Wednesday, January 30, 2008

Wife Swap

I have never been on board with the whole reality TV thing. Even as a teenager, when "Real World" was paving the way for all these crazy shows that would follow, I did not see the thrill. That said, I enjoyed the first couple seasons of "The Apprentice" in '04 and '05, and when I happen to stumble upon it while channel-surfing, I enjoy the occasional episode of "SuperNanny" and am quite intrigued by the show "Wife Swap."

The latter happens to be on in the background right now, and this episode is typical of what I've seen in this show before--they often pair families where one is very family-oriented, and one is more independent. Each wife has to walk in the other's footsteps for a couple days, and then gets to implement her own rules and teach the husband and kids to live as her family lives.

In this episode, there is a family in New York state that loves lumberjacking (all except the oldest son, who is an artist, and is shunned by his more outdoorsy parents and brothers) and a Seattle family in which the dad and grandmother take care of the kids while the wife works full-time and then performs in a burlesque show most nights of the week. Obviously, they pair extremes for the entertainment value, but it is interesting to see how the lumberjack wife spends more time with the kids than they're used to, and they love it. Even the husband decides he needs to confront his wife about spending more time with the family. The burlesque wife gets the boys to put down their axes and actually help around the house, and gets the burly dad to appreciate his artistic son's interests.

I'm intrigued by this show, in many ways, because it addresses issues of what a wife's role is to be. One side (of people on the show and society in general) argues that an active wife and mother with her own interests is of more value to the family because she is fulfilled and happy. On the other hand, people argue that her primary responsibility is to the home, husband, and kids, and that distractions from that are detrimental to her children's well-being.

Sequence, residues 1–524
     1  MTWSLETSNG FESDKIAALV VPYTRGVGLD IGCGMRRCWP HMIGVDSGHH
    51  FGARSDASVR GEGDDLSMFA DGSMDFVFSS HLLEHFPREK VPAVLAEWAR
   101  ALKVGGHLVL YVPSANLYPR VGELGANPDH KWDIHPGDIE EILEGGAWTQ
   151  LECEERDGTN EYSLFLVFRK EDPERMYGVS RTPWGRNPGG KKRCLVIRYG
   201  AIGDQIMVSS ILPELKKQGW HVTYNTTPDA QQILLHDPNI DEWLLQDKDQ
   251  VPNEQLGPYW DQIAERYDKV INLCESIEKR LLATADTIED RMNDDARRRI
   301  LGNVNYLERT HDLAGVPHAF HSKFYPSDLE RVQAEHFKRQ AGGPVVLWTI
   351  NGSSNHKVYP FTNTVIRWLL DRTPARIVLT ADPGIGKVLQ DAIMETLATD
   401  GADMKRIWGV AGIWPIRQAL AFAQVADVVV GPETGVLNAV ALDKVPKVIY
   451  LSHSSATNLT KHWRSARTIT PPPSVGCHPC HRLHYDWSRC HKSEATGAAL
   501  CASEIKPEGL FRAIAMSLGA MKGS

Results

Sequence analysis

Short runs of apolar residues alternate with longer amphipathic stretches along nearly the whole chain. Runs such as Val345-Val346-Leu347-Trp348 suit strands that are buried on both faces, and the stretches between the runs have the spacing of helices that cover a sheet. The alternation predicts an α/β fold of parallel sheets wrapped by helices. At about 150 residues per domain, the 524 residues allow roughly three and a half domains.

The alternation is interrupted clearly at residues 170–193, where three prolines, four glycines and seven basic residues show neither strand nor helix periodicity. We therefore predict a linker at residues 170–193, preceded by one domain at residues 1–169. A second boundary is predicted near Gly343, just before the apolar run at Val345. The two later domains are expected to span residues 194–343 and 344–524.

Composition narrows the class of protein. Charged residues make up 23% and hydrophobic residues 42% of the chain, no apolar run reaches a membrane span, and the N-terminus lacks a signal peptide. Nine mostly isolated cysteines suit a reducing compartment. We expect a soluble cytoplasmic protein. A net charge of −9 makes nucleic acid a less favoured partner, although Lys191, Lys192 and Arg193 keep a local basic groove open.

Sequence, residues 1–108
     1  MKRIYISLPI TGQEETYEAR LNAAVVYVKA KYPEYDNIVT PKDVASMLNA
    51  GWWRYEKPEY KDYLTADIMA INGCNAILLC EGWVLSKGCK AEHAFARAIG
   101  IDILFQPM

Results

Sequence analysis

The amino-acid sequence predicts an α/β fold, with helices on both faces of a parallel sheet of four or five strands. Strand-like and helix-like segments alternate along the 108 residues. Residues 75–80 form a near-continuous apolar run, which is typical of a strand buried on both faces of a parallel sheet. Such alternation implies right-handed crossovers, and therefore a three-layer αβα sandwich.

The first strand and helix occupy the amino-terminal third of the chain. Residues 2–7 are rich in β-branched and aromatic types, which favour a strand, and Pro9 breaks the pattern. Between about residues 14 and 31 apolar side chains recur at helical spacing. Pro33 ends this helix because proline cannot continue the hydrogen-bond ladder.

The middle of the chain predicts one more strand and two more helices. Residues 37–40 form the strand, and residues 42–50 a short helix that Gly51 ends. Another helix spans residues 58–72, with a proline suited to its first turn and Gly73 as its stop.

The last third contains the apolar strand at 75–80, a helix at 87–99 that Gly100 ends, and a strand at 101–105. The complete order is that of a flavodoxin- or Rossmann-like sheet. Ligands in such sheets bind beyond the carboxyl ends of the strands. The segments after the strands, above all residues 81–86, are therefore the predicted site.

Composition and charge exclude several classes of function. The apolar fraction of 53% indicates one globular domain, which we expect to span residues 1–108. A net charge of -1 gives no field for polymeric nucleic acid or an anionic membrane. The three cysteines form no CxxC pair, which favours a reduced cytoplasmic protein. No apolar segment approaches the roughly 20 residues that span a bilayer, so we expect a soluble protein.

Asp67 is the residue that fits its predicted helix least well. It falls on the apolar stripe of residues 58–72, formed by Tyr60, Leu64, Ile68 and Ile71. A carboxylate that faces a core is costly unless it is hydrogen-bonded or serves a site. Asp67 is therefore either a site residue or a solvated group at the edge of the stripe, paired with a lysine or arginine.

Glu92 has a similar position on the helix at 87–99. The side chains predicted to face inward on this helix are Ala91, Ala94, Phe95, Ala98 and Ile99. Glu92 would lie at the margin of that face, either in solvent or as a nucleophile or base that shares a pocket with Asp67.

I am interested in this issue now because, frankly, I never expected to love work. Just a few years ago, I couldn't wait to quit work and be a stay-at-home mom. Now, I absolutely love my job, happily staying late to get things done and checking e-mail from home to stay on top of things. I've also recently been given some additional responsibilities that I'll elaborate on once they've become a regular part of my work, and while these can seem daunting right now, given that they may require me to put even longer hours before my long trek home to Clarksville, I am eager to become to the most indispensible editor I can be. (My JV field hockey coach's words ring in my head: "Ask yourself, 'How can I be indispensible to my team?'")

Since I was a kid, I've dreamed of getting married and having kids (that's what little girls are conditioned to want, right?) and I still deeply desire to become a mother to three or four children. (That's way down from the 6-10 I wanted when I was a kid!) Now that I have a job that I love, and that I could not imagine quitting entirely when I become a mother, I am more seriously thinking about the issues of parenthood and how one balances the various roles of modern womanhood. I wonder, what will I do when I have children, and am trying to work through tele-commuting or whatnot, balancing Matt's days to visit the shut-ins with my time in the office, sharing the at-home duties? Will I feel I am neglecting my kids? Will I feel I've lost a piece of my identity if I work less?

"Balance" is the buzz-word, and what so many seem to strive for. "Trying to have it all," the homemakers call it, pejoritavely. I suppose that's what I will stive for as well (a couple years from now), but despite this goal, I am sure it is much more easily said than done.

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